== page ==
Land Tenure in the Cook Islands
Some indication of the demographic composition of the various social groups at the time of first contact can be deduced from details of the numbers of tapere, titles and lineages, as well as from population counts by early missionaries. The total population, which was estimated by the first observers at between six and seven thousand,2 was divided between three tribes. In proportion to their numbers at the first tribal counts in 1840,3 the populations at 1823 would have been approximately 3,400 in Takitumu, 1,600 in Arorangi and 1,500 in Avarua. While ideally there was only one ariki to each tribe, there were in fact two separate titles in Takitumu, and though there had been only one title in Avarua it had been divided into three branches.
2 E.g. Williams, A Narrative… 19. Working from a basis of food requirements in relation to given resources and technology, a recent student of Polynesian populations considers that the island could not at that time have supported more than 7,400 people. - Lay, ‘A Study of Certain Aspects of Human Ecology in the Polynesian High Islands during the Pre-contact Period’ 167.
3 But making allowance for the transfer of the Tupapa sub-district from Takitumu to Avarua just after contact.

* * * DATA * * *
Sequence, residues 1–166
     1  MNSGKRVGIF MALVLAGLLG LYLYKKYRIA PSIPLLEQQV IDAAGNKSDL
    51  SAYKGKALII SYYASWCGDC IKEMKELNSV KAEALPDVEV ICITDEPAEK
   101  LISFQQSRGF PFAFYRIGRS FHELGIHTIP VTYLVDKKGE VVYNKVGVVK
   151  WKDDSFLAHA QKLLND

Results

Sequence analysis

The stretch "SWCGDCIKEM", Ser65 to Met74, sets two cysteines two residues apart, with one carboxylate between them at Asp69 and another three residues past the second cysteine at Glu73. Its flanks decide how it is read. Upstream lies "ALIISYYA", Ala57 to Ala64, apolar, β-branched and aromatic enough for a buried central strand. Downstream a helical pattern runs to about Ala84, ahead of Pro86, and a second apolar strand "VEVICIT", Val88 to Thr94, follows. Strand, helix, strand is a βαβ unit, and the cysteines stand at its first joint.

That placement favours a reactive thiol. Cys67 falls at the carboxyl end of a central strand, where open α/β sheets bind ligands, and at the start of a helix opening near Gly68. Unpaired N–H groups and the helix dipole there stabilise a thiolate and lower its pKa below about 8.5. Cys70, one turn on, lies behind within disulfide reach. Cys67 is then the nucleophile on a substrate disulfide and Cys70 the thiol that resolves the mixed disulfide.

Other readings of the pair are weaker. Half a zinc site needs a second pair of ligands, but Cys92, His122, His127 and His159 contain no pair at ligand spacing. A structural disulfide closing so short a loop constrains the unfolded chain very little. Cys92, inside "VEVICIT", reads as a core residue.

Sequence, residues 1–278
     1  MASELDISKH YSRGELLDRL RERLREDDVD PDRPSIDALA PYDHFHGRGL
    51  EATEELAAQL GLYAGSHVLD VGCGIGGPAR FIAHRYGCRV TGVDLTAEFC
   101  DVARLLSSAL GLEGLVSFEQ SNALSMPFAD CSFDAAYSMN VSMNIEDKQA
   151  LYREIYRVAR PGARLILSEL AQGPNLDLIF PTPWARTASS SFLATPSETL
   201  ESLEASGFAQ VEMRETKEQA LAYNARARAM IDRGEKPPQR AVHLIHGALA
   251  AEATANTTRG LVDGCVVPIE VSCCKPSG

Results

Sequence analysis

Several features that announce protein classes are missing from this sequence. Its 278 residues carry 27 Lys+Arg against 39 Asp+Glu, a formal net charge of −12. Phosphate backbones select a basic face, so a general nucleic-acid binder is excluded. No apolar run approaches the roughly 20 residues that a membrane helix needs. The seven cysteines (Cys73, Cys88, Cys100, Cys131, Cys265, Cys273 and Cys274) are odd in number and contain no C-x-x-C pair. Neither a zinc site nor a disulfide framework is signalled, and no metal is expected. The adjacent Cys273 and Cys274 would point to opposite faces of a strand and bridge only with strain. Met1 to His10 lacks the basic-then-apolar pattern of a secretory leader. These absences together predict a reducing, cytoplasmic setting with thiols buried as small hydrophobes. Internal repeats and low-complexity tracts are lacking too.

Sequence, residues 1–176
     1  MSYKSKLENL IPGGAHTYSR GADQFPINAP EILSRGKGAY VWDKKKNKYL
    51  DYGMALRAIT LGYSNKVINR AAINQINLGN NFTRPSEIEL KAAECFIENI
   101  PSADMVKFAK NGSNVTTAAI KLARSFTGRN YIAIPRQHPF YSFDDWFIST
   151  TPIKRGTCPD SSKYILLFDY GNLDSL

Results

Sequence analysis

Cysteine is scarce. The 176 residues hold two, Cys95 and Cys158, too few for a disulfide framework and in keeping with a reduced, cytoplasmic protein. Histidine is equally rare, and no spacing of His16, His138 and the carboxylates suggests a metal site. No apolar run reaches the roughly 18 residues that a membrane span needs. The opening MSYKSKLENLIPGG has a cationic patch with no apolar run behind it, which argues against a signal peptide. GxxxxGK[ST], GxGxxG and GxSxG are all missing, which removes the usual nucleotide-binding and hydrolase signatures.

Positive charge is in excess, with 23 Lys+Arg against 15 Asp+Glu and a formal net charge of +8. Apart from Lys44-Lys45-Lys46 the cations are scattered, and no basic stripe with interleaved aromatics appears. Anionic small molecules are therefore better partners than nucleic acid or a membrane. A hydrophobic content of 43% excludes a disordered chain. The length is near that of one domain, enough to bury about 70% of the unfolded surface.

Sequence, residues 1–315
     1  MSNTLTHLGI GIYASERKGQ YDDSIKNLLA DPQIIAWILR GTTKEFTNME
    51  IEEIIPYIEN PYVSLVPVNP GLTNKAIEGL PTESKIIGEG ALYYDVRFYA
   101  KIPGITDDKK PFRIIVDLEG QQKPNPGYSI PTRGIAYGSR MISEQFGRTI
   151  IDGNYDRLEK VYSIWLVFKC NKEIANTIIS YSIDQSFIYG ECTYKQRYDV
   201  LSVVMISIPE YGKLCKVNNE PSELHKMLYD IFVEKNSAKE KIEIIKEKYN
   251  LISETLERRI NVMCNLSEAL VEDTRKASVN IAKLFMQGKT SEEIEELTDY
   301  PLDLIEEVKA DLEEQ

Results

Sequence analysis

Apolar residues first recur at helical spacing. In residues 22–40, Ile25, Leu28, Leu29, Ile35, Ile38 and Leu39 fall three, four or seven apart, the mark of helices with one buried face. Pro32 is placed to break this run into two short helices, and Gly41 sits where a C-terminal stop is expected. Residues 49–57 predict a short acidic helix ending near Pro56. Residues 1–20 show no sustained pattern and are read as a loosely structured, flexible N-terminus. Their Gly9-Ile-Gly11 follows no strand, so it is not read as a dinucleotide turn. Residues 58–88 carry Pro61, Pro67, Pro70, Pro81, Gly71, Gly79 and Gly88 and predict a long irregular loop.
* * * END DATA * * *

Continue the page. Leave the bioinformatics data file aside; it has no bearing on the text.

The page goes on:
1 In Mangaia an accurate census was taken in 1846 and showed an average of 89 persons per lineage, though the population had already been reduced by disease from its pre-contact size. In 1854, after a further drop in numbers, an accurate count was made of each lineage. The average number of persons was then 71 per lineage with a range from 14 in the smallest to 214 in the largest - No te au Enua i aere ei te Pai Orometua 1846 65; and ‘Census of the population of Mangaia 1854’.
2 There were several conquered tapere (like Vaimaanga which was divided among the six major lineages responsible for its conquest) which had no separate mataiapo of their own.
3 In some instances (probably those where the division had been an amicable one) the seniority of the original mataiapo continued to be recognized, and that title was referred to as mataiapo tutara (senior or paramount mataiapo). In such cases the subordinate lineages were more like minor lineages than major ones.
1 Prout, Memoirs of the Life of the Rev. John Williams 248.
2 No attempt was made to compile a full list of rangatira titles in existence at the time of first contact, and accurate estimates of the demographic composition of the smaller groups must await archaeological research.